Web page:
A WhatsApp design flaw that allows anyone to spy on private group chats has been discovered by security researchers. Despite the service’s end-to-end encryption, experts say hackers can insert people into WhatsApp groups without the permission of the chat’s admin.

In an obvious rejection of the study, Facebook, which owns WhatsApp, has said it won’t fix the problem, and that group chats remain protected by the app’s encryption.

Facebook’s Chief Security Officer Alex Stamos wrote in a series of tweets that the bug is not effective because WhatsApp users are notified when new members join conversations.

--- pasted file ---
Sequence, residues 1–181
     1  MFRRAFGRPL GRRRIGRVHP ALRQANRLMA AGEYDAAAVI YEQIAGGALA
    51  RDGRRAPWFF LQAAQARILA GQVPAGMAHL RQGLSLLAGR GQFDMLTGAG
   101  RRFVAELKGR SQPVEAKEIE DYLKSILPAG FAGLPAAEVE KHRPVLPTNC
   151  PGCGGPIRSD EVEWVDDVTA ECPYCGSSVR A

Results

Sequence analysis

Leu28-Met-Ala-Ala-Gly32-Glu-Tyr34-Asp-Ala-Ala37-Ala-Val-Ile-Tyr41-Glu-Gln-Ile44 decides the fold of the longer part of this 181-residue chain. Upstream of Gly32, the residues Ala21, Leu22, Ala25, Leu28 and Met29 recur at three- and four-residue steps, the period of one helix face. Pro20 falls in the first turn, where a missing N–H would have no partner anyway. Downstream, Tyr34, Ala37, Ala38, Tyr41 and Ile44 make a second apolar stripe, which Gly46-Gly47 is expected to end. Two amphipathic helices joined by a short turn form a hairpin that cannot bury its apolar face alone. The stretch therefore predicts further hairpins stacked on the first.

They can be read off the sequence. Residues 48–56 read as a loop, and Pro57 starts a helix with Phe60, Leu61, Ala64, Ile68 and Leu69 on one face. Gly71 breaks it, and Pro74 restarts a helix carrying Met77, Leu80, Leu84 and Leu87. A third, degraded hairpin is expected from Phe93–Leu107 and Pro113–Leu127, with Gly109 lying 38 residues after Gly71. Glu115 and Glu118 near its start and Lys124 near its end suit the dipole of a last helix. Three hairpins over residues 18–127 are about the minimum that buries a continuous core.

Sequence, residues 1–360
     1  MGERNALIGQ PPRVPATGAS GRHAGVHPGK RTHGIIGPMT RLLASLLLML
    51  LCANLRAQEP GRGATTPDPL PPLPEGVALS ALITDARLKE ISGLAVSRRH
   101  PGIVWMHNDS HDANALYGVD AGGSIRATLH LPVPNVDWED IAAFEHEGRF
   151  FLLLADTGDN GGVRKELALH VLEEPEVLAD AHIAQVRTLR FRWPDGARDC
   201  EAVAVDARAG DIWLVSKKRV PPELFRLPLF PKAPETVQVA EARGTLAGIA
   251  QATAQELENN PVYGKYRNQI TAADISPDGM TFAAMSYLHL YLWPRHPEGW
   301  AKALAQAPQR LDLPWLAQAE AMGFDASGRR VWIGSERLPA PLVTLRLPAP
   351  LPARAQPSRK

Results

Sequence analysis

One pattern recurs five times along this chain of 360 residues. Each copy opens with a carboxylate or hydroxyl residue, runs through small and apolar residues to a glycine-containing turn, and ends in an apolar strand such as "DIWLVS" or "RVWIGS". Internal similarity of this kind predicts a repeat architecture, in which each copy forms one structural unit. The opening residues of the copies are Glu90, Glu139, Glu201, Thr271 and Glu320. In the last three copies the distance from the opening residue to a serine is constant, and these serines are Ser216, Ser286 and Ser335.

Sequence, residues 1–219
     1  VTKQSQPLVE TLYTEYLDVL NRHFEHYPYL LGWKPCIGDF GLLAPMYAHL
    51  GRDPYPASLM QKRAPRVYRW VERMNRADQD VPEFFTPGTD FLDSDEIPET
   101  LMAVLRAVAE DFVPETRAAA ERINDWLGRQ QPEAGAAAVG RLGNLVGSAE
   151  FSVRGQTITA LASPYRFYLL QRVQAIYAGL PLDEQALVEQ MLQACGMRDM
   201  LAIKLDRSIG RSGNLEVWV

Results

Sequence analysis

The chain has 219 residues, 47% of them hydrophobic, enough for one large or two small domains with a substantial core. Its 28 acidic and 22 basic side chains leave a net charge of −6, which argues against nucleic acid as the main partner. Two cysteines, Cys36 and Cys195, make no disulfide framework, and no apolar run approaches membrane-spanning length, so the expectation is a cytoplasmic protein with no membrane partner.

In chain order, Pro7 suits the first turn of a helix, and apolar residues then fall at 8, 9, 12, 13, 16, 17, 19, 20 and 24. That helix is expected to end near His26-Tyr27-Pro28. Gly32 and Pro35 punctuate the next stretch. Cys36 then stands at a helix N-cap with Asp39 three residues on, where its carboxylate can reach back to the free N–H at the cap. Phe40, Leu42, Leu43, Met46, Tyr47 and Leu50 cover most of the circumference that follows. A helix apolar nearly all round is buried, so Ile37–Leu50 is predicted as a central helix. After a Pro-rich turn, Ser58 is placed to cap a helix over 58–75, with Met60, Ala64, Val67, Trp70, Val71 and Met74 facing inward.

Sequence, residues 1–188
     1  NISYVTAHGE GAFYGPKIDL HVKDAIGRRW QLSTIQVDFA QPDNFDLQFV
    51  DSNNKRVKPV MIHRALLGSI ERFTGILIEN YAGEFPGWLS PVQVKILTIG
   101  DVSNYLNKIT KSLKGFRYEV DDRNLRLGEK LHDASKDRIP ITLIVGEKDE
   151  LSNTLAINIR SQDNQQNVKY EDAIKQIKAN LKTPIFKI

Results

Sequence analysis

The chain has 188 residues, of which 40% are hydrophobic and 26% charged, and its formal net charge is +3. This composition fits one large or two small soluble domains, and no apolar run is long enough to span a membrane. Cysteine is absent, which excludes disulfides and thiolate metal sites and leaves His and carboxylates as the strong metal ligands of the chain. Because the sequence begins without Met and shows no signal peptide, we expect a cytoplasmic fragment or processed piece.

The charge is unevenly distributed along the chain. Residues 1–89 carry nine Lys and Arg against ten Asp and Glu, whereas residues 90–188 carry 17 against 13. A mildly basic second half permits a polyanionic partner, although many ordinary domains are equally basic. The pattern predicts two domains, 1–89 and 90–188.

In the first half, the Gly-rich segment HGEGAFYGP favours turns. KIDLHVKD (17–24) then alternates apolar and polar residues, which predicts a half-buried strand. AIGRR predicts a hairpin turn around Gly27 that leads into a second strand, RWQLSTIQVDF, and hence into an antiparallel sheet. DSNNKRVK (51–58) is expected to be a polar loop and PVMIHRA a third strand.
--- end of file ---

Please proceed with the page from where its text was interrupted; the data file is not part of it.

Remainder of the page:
The study was presented at the Real World Crypto security conference in Zurich, Switzerland, by a group of researchers from Ruhr University Bochum in Germany.

They found that anyone with control over WhatsApp’s servers can add people to private group chats, including staff, hackers and governments who legally demand access.

Once a person has infiltrated a conversation, everyone in the chat automatically shares secret keys with that user. This means they have access to all future messages but cannot view past ones.